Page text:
Chants, however, do not have a fixed melody or meter. Chants have what we can call a melody shape, that is, the chant will begin on a reciting tone and continue there, then move up a note or two, then back down, and so forth, but how long you remain on the initial note and when you move away from it are not fixed. You fit the melody shape (the tone or mode) to the translation. A chant will never “not have enough notes” for the text.

Chants are therefore plastic, because there are only eight tones/modes, and they are meant to be fitted to different texts. For this reason, it does not follow that some languages chant better than others.

Yet, in this discussion of the same topic, some obviously believe just that. Some are comparing their subjective reactions to chanted Latin with the chant of an English translation, but you can always come up with a bad translation, or fit it poorly to the tone or mode. It just isn’t an argument. Language and chant are two entirely separate entities, and if you’re going to compare to an arbitrarily prototypical “chant language,” then why Latin? Why not Greek, or even more to the point, Hebrew?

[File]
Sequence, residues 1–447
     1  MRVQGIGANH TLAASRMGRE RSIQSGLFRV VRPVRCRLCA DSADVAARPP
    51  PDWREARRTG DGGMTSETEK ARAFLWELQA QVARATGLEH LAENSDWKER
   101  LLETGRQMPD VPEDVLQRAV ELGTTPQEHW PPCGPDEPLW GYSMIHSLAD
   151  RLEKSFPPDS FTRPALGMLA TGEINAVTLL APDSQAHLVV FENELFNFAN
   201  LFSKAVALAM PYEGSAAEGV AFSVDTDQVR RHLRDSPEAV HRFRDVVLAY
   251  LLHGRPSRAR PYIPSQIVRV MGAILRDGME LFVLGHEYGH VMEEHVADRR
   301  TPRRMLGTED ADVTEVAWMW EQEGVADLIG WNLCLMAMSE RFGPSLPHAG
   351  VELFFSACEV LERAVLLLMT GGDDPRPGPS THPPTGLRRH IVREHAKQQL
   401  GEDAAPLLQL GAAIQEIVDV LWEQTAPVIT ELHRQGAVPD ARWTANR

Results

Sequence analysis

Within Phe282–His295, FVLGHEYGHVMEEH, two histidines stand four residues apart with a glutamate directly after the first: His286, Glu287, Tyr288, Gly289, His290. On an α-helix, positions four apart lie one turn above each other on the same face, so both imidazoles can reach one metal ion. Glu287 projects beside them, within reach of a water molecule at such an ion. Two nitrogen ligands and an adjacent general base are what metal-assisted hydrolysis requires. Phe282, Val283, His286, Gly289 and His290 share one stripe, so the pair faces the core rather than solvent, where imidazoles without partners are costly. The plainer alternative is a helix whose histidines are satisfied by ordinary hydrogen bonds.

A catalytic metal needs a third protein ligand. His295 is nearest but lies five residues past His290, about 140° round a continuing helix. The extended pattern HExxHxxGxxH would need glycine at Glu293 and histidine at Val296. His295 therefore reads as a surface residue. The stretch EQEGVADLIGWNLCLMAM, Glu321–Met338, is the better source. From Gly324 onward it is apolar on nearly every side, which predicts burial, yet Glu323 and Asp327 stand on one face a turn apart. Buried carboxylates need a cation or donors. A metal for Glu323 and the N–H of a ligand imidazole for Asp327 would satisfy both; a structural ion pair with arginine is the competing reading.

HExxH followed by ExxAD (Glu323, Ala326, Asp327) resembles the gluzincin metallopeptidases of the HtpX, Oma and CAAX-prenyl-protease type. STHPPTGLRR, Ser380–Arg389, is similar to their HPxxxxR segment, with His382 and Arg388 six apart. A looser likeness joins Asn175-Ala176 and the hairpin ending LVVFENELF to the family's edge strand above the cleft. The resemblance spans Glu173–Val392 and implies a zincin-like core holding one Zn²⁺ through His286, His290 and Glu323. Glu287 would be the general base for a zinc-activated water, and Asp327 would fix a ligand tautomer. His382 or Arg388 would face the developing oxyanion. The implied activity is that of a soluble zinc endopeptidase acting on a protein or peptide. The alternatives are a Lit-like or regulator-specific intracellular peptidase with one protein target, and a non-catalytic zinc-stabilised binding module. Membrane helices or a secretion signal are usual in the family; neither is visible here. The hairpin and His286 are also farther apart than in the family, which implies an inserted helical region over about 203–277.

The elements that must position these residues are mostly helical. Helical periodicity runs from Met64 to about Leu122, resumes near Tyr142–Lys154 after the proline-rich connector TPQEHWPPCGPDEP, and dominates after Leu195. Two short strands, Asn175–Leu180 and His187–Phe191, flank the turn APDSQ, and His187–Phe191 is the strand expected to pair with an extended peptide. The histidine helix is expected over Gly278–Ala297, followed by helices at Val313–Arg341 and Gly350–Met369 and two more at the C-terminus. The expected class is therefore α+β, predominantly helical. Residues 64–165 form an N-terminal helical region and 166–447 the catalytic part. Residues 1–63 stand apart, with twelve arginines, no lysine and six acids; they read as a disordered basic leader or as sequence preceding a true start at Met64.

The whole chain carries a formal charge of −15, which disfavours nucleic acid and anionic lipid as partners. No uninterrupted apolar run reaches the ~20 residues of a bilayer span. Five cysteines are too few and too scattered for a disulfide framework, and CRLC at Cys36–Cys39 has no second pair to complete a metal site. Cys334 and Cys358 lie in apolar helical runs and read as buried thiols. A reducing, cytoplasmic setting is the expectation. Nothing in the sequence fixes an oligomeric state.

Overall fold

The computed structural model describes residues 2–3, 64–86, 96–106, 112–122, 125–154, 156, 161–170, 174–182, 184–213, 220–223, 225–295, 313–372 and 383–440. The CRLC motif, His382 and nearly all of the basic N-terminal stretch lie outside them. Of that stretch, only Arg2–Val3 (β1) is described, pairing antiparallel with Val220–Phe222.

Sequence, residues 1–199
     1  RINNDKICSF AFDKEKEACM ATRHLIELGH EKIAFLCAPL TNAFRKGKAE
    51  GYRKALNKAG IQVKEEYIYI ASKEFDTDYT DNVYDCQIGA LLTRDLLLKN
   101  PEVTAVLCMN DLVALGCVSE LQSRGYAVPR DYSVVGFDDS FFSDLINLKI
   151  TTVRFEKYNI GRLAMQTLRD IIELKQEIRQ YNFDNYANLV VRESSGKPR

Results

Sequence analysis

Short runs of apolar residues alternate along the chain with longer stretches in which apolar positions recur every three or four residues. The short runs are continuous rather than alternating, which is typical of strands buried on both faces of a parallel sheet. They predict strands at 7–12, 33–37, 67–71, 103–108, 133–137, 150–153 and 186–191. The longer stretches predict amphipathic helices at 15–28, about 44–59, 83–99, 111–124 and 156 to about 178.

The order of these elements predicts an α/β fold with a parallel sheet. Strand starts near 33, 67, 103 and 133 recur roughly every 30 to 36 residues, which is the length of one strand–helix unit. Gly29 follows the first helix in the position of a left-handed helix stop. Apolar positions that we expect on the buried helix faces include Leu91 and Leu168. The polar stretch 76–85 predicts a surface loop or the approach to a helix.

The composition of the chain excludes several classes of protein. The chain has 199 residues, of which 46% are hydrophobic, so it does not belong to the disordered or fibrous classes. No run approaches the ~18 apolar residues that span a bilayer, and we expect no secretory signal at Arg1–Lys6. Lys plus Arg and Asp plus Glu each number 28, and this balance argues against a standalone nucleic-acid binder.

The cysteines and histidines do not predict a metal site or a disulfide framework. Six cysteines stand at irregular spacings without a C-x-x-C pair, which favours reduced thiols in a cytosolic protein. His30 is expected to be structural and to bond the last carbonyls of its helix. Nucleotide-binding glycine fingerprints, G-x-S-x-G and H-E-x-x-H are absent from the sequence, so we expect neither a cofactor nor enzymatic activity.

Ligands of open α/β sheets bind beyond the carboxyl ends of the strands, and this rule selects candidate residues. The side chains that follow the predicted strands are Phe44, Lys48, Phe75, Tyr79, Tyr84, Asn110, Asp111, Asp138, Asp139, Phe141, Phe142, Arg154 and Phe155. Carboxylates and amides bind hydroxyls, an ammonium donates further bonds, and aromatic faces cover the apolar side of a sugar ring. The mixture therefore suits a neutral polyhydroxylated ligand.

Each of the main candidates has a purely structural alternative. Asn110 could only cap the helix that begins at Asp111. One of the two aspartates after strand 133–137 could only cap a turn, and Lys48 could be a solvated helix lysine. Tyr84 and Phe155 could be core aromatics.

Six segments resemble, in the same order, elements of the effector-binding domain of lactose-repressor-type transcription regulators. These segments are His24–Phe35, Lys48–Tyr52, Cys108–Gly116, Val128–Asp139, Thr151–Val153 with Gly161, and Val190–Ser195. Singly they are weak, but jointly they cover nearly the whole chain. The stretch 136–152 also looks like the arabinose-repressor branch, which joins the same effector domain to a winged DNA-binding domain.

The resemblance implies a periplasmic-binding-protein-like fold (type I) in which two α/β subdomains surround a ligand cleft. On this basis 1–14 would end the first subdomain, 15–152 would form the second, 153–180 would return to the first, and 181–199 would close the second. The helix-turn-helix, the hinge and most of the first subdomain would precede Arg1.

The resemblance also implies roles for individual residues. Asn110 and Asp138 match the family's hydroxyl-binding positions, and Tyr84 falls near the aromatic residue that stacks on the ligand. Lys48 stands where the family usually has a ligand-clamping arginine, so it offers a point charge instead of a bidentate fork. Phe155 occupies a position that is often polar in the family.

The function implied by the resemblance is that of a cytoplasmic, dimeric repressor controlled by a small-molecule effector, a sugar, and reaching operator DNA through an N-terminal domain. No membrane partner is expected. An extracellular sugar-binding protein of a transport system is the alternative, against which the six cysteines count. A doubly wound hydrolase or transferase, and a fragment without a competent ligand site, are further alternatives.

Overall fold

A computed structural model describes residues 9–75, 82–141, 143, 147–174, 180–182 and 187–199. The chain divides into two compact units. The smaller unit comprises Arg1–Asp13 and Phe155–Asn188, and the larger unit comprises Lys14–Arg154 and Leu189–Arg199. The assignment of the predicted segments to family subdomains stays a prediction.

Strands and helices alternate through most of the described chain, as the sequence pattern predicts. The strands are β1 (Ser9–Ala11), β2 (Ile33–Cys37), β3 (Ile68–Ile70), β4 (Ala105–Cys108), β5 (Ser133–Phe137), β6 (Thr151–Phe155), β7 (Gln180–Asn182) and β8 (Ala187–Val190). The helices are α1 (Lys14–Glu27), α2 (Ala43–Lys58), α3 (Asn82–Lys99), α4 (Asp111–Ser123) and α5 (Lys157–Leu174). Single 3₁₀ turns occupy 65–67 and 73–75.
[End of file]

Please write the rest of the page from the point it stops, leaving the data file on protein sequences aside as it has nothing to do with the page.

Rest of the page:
There is an obvious bias toward Latin here, but there is also a linguistic difference. One commenter comes close here:

English is indeed harder because we have many vowel-blends that arent pure (like i,ay, etc). And one can certainly argue about the specific choices I made of where to split up the words, which syllables to assign more than one note, etc…I’m sure people might have more ingenious solutions than I, I cooked this translation up in just 15 minutes.

Diphthongs certainly affect singing, although there was ways to do it, but the real issue in the Latin v. English debate, which could just as easily be the Greek v. English debate, is that Latin and Greek are CV languages, while English (not to mention Slavonic) are CVC languages, that is, we have two rough language types with two different syllable shapes.

Greek and Latin, and indeed, all Romance languages, are CV, or open syllable languages, meaning that the default syllable begins with a consonant and ends with a vowel. This does, indeed, give them a different sung or chanted quality because we can sustain vowels over time, but not consonants (well not most consonants). CV languages also tend to have fewer consonant clusters than CVC languages.